Tuesday, November 6, 2012
Nilakanteswara temple - Jammatige Agrahara, Hariharapura
Hariharapura has quite a few interesting ancient temples and archeological gems to discover just a short drive away from the small village town. There are 3 temples of Hindu built from 10th to 16th century, spread over area of 10 sq. km of forest that is biologically rich in flora and fauna.
The dense forests and Tunga river provides an excellent opportunity to experience nature, lower ranges of Western-Ghats on Tunga River bounded on the Western side by Neelakanteswar temple and Semi-evergreen forest with riparian vegetation and cultivated lands on another side.
We reached Hariharapura and drove towards the Jammatige Agrahara house. It was a small Agrahara have lines of eight Brahmin houses on three sides of the temple and the Shiva temple at the center thus resembling a garland around the temple. This place has a history of at least 500 to 700 years. This village was originally formed as a Brahmin Settlement to carry out the religious activities connected to the Shiva temple. The entire land belonged to the native Brahmins here. During the Keladi and Vijayanagar kingdom, the King used to migrate to Brahmin families to such places, give them land and other facilities. This way a place becomes a pilgrimage and a center of learning.
This temple was built during 1654 AD, by Mallikarjuana and Shankaranarayana, about two kilometers away from the Hariharpura. Kalasada Kalanna, the main architect-sculptor behind this temple. This temple has intricate carvings on its four sides depicting the entire Ramayana and Mahabharata.
The Sculptures being made of granite, it is a small but well proportioned temple, consisting of a sanctum, vestibule Mandapa and portico. It is a gem of architecture and is indeed remarkable as much for its ornate sculptures on its inner sanctum and outer walls are as rich as on the larger temples.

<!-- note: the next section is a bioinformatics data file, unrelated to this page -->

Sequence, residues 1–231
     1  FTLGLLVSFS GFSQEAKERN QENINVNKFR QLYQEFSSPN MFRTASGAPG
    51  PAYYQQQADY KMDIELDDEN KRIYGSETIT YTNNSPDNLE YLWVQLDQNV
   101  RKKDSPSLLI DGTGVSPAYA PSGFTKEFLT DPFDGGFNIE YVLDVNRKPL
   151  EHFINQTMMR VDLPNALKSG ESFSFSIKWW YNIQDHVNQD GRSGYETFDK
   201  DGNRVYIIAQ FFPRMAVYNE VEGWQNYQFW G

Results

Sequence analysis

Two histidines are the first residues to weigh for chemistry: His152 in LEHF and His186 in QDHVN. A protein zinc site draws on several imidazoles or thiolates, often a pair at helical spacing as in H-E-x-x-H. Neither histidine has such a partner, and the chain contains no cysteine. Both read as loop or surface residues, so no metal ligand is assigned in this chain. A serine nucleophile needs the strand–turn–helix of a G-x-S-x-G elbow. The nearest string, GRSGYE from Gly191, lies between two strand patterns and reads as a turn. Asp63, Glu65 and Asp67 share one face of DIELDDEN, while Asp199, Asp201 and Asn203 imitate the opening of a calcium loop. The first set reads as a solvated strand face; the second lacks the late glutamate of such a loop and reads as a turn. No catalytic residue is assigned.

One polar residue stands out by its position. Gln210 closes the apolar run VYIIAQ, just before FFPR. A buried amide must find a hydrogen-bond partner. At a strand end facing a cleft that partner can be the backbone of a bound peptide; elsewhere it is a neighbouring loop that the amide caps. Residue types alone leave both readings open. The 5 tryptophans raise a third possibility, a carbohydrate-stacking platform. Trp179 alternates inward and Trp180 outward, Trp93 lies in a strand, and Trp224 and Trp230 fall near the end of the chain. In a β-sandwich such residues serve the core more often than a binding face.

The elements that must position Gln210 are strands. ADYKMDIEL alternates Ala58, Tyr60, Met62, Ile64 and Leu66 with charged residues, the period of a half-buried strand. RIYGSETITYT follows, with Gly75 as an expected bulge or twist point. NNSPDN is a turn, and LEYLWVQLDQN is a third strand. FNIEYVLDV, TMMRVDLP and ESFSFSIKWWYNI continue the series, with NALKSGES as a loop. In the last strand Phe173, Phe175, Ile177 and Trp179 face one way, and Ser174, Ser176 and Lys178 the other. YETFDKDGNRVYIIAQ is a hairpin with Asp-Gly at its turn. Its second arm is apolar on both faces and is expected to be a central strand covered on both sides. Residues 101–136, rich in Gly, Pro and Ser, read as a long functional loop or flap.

Local people of Agrahara are keen in protecting and developing the Jammatige Agrahara Mahseer fish (Bili Meenu) Sanctuary. It is of religious importance as it is situated below Neelakantheswara Temple. After performing Pooja in Nilakanteswara temple the fishes are fed daily by the Archakas, visitors and pilgrims. This fish has a religious status for the local community and as such it is not consumed as food but is fed, protected and worshiped. Pilgrims and visitors also partake in feeding the fish with rice.
The fishes are worshiped as sacred and are not killed by local people. The river supports rich fish population and water is free flowing and unpolluted. Mahseer congregation is noticed about 1 Km downstream of river Tunga. National Bureau of Fish Genetic Resources and Zoological Survey of India have classified Mahseer TorKhudree as endangered fish hence conservative and development measures are to be adopted.